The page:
The REALTORS® Buyer Traffic Index has hovered at near 50 since August 2018 when the index fell to 51 and remained at below 50 through December 2018. The January reading of 52 indicates a slight upturn in homebuyer traffic as mortgage rates started falling in January 2019.  As of the week of February 14, the average 30-year fixed mortgage rate fell to 4.37 percent, from a high of 4.94 in the weeks of November 8 and 15.[3]

REALTOR® Comments

Higher mortgage rates compared to one year ago, the negative effect on confidence of the government shutdown, the cap on deductions for property, state, and local income taxes, and the very cold weather were some factors cited by the respondents for the slowdown in buyer activity in their markets.

  • Respondents from some Midwest states— Ohio, Illinois, Iowa, Michigan, Missouri, Indiana— reported that the extremely cold weather held homebuying activity.
  • Some respondents from California, New York, and New Jersey reported the cap on deductions for property, state and local income taxes is negatively affecting sales.
  • A respondent from California also noted that the widespread wildfires in 2018 are still impacting home sales[4].
  • Respondents from Alabama, California, Nevada, Florida, Texas, and Virginia reported that the government shutdown appeared to have had an impact in homebuying activity.
  • Lack of supply, especially of affordable homes, continues to frustrate would-be homebuyers.
  • REALTORS® reported that higher mortgage rates (during October, November and December) discouraged buyers

To note, mortgage rates have started falling again since January 2019.[5] As of February 14, the 30-year fixed rate mortgage has fallen to 4.37 percent from 4.8 percent during the weeks of November 8 and 15. The 30-year fixed mortgage rate is still slightly higher compared to the 3.95 percent in January 2018. The monthly increase in mortgage payment arising from a 0.5 percent increase in mortgage rates on a loan of $250,000 is about $73 per month.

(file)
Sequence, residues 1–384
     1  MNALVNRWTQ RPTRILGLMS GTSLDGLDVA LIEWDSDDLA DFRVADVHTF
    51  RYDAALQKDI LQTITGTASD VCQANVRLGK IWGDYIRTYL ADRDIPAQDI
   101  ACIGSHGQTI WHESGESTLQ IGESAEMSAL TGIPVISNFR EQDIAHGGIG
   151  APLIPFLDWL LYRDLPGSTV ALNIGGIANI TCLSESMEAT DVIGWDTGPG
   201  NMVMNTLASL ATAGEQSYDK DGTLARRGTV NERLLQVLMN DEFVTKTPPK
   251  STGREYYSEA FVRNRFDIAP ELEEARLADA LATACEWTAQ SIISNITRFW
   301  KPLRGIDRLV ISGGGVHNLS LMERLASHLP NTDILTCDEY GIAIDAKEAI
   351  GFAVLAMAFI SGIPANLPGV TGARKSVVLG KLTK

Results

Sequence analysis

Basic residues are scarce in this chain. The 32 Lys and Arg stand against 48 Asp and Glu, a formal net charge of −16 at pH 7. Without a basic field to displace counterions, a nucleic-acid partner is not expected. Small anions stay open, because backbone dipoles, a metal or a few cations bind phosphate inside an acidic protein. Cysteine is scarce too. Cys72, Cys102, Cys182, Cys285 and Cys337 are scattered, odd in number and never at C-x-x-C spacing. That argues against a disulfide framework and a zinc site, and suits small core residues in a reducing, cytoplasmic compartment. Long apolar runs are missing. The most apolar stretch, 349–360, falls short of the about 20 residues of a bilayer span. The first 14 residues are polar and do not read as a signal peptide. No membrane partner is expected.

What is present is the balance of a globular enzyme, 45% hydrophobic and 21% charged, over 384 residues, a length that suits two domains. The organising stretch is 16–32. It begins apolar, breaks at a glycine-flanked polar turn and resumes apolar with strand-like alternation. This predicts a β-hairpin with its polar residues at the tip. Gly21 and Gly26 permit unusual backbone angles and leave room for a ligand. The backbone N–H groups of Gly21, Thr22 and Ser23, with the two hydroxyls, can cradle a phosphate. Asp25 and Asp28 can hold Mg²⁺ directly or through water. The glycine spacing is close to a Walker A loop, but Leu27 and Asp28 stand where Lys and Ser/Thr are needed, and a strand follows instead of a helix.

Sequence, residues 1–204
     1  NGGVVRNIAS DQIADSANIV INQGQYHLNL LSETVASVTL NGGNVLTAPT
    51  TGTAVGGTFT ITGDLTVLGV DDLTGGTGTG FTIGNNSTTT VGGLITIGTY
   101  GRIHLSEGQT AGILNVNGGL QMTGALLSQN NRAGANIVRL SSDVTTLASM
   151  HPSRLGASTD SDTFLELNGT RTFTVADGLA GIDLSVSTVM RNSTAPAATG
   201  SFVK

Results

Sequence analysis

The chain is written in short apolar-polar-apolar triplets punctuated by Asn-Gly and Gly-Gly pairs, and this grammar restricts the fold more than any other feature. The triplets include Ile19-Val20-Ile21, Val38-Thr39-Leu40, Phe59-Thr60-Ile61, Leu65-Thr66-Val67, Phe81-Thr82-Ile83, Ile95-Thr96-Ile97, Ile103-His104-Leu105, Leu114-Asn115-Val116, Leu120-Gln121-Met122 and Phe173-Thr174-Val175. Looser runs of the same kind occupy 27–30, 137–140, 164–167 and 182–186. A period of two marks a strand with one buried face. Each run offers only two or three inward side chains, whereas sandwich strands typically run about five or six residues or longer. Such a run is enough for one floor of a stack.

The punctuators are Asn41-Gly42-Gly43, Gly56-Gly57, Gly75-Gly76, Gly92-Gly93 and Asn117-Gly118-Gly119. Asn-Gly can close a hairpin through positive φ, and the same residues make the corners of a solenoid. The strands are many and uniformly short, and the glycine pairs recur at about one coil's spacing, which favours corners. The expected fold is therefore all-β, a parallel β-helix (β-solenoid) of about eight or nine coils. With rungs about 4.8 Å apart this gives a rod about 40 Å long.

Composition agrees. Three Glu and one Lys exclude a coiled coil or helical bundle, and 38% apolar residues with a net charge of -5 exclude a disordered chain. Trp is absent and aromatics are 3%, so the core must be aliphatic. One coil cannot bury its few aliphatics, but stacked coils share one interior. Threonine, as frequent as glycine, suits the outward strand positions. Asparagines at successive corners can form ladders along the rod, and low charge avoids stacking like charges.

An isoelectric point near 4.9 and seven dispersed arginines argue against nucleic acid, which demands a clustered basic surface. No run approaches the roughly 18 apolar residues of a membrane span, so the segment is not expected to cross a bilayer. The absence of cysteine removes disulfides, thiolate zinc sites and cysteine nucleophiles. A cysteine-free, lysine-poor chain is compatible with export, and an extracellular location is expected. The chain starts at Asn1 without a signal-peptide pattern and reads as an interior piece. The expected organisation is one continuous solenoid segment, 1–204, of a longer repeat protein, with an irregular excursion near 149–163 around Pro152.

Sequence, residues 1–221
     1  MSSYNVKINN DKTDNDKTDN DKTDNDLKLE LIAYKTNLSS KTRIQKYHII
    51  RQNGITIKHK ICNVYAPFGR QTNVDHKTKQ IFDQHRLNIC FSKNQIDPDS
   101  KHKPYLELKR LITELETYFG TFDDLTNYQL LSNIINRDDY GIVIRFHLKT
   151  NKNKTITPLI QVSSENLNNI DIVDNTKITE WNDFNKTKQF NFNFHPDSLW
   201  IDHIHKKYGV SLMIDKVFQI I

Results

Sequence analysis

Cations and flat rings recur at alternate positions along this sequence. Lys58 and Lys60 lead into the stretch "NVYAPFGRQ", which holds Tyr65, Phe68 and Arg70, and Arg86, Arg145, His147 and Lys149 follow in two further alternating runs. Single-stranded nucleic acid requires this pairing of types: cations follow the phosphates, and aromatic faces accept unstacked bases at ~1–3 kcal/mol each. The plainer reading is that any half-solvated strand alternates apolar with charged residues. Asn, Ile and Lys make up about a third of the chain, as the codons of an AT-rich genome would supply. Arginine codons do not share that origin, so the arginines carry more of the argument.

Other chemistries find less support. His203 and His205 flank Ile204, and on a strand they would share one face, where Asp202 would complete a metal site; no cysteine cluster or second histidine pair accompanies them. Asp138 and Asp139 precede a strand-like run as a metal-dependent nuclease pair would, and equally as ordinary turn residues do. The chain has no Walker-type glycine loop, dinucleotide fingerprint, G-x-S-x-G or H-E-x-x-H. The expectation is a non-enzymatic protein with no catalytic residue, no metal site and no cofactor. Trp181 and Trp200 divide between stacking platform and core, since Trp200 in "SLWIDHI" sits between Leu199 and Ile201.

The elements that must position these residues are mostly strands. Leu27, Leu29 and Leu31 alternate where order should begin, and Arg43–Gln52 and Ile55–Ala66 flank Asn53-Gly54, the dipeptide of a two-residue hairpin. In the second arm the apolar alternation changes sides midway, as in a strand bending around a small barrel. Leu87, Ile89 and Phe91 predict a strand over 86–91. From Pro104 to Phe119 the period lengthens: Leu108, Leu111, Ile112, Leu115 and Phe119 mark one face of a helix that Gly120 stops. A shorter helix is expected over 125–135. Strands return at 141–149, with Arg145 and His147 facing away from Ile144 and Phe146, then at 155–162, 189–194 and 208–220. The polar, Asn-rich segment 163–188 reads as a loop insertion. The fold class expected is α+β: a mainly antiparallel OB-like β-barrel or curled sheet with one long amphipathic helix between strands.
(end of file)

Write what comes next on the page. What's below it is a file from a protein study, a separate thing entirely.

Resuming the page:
[1]In a monthly survey of REALTORS®, NAR asks respondents “Compared to the same month (January) last year, how would you rate the past month’s traffic in neighborhood(s) or area(s) where you make most of your sales?” NAR compiles the responses into an index, where an index above 50 indicates that more respondents reported “stronger” traffic than “weaker” traffic.  In generating the buyer traffic index at the state level, NAR uses data for the last three surveys to have close to 30 observations. Small states such as AK, ND, SD, MT, VT, WY, WV, DE, and D.C., may have fewer than 30 observations. The index is not seasonally adjusted, so a year-over-year comparison is appropriate.